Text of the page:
E.  definitions

The centre of gravity (C.G.) is the point through which the weights of all the various parts of an airplane pass. It is, in effect, the imaginary point from which the airplane could be suspended and remain balanced. The C.G. can move within certain limits without upsetting the balance of the airplane. The distance between the forward and aft C.G. limits is called the centre of gravity range.

The balance datum line is a suitable line selected arbitrarily by the manufacturer from which horizontal distances are measured for balance purposes. It may be the nose of the airplane, the firewall or any other convenient point .

The moment arm is the horizontal distance in inches from the balance datum line to the C.G. The distance from the balance datum line to any item, such as a passenger, cargo, fuel tank, etc. is the arm of that item.

The balance moment of the airplane is determined by multiplying the weight of the airplane by the moment arm of the airplane. It is expressed in inch pounds. The balance moment of any item is the weight of that item multiplied by its distance from the balance datum line. It is, therefore, obvious that a heavy object loaded in a rearward position will have a much greater balance moment than the same object loaded in a position nearer to the balance datum line.

The moment index is the balance moment of any item or of the total airplane divided by a constant such as 100, 1000, or 10,000. It is used to simplify computations of weight and balance especially on large airplanes where heavy items and long arms result in large unmanageable numbers.

If loads are forward of the balance datum line their moment arms are usually considered negative (-). Loads behind the balance datum line are considered positive (+)*. The total balance moment is the algebraic sum of the balance moments of the airplane and each item composing the disposable load.

*In many cases the positive (+) sign is omitted, but the negative (-) sign is always shown. To simplify matters, both are included in our example

The C.G. is found by dividing the total balance moment (in inch-pounds) by the total weight (in lb.) and is expressed in inches forward (-) or aft (+) of the balance datum line.

The centre of gravity range is usually expressed in inches from the balance datum line (i.e. +39.5" to +45.8"). In some airplanes, it may be expressed as a percentage of the mean aerodynamic chord (25% to 35%). The MAC is the mean aerodynamic chord of the wing.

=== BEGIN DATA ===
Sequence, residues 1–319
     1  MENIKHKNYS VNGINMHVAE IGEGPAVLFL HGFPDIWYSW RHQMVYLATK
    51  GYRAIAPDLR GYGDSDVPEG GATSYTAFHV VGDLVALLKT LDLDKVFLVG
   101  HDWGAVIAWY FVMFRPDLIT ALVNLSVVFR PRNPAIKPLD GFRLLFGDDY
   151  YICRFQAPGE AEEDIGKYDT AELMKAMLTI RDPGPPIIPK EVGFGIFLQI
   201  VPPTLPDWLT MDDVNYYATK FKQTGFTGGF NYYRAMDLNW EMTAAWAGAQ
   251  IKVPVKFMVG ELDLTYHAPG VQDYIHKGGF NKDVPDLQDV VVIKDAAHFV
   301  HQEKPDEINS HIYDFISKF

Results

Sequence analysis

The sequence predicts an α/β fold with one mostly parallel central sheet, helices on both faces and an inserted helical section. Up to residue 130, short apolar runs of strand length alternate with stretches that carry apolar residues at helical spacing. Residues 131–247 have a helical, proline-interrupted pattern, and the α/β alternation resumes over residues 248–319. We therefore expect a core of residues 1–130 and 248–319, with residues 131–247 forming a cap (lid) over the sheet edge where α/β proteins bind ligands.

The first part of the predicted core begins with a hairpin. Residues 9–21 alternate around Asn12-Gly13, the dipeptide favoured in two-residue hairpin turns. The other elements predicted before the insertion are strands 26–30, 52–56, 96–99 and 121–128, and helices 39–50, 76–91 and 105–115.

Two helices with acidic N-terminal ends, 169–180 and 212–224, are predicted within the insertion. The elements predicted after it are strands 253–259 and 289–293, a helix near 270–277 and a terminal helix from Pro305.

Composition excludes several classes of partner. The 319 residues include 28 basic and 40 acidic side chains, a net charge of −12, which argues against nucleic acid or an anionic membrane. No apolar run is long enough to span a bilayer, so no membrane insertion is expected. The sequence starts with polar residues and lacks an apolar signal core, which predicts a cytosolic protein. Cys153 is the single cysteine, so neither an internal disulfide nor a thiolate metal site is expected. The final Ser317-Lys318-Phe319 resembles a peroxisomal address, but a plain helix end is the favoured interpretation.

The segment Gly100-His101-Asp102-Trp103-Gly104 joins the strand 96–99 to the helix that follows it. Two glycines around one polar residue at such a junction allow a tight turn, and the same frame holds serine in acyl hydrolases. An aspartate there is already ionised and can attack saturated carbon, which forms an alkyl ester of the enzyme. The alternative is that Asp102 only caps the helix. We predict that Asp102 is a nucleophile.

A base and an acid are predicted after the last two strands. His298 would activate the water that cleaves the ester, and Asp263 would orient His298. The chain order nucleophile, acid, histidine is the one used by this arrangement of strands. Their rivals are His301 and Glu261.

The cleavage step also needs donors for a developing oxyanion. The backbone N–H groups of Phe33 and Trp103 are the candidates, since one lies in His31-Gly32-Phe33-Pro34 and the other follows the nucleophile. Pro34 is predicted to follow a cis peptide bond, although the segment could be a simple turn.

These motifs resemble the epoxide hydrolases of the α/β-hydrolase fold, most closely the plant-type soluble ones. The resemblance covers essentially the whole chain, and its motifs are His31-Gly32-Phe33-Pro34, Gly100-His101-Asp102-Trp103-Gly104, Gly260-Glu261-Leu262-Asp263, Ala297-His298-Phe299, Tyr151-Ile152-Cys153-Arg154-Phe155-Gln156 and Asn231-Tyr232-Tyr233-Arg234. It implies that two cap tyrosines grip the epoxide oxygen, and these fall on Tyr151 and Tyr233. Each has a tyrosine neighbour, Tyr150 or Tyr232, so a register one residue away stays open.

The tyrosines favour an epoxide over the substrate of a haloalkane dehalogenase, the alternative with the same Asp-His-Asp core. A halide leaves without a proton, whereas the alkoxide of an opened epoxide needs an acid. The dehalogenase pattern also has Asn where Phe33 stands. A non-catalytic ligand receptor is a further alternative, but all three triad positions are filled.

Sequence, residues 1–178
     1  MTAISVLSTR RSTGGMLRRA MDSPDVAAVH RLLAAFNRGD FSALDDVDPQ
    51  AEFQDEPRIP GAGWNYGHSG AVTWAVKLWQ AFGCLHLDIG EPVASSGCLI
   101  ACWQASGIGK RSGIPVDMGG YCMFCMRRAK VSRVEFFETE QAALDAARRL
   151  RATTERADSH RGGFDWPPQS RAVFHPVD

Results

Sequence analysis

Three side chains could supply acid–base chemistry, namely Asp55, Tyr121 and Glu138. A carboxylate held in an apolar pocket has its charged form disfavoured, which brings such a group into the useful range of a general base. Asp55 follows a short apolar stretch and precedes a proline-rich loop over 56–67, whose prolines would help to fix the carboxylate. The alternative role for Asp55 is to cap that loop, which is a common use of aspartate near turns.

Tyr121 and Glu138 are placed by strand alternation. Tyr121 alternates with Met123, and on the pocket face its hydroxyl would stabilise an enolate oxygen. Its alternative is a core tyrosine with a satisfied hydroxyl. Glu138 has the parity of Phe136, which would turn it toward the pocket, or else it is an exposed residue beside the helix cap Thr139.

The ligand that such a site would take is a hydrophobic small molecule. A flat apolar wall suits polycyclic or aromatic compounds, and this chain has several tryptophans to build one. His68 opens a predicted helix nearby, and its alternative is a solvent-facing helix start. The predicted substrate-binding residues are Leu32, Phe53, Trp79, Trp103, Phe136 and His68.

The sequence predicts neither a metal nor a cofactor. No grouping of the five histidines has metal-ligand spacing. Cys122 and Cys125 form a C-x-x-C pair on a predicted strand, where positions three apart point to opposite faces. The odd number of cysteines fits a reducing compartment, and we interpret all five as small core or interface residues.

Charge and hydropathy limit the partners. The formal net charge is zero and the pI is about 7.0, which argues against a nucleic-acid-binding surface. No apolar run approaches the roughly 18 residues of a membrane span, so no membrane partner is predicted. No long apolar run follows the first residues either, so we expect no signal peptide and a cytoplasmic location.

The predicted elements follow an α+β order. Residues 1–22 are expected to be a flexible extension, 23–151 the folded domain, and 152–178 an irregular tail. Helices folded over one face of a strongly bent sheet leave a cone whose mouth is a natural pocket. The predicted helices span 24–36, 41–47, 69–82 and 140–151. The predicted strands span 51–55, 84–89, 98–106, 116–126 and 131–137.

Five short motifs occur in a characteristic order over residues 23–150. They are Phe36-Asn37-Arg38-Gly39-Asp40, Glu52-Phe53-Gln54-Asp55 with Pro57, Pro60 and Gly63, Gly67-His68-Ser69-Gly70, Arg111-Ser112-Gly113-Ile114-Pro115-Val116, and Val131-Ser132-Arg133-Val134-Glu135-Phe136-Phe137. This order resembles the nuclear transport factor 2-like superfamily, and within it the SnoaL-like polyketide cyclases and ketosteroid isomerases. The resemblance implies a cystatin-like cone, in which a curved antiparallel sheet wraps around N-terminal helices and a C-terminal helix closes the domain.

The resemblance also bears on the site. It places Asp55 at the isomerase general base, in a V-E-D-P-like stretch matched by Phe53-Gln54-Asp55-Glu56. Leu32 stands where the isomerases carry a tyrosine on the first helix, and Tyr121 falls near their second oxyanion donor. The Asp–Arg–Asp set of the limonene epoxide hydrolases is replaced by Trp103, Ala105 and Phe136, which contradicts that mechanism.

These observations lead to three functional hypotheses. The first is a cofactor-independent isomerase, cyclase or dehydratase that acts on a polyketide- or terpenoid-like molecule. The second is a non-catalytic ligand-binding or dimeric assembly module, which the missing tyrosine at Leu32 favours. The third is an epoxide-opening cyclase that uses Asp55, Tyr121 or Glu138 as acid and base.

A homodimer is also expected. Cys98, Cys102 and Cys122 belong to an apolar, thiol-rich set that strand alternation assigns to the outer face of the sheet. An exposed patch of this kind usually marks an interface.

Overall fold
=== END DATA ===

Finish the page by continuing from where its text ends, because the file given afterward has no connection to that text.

To calculate the position of the C.G. in percent of MAC. Let us assume that the weight and balance calculations have found the C.G. to be 66 inches aft of the balance datum line and the leading edge of the MAC to be 55 inches aft of the same reference (Fig. 3). The C.G. will, therefore, lie 11 inches aft of the leading edge of the MAC. If the MAC is 40 inches in length, the position of the C.G. will be at a position (11 ~ 40) 27% of the MAC. If the calculated C.G. position is within the recommended range (for example, 25% to 35%), the airplane is properly loaded.

There are several methods by which weight and balance calculations may be made for any loading situation.

 A.  finding balance by computation method

For this example, an airplane with a basic weight of 1575 lb. and an authorized gross weight of 2600 lb. has been selected. The balance datum line for the airplane, selected by the manufacturer, is the firewall. The recommended C.G. limits are 35.5" to 44.8".

List in table form the airplane (basic weight), pilot, passengers, fuel, oil, baggage, cargo, etc., their respective weights and arms. Calculate the balance moment of each. Total the weights. Total the balance moments. Divide the total balance moment by the total weight to find the moment arm (i.e. the position of the C.G.).

(Note: In this example, the oil is listed as a separate item and the balance datum line is the firewall in order to give an example of a negative moment arm.)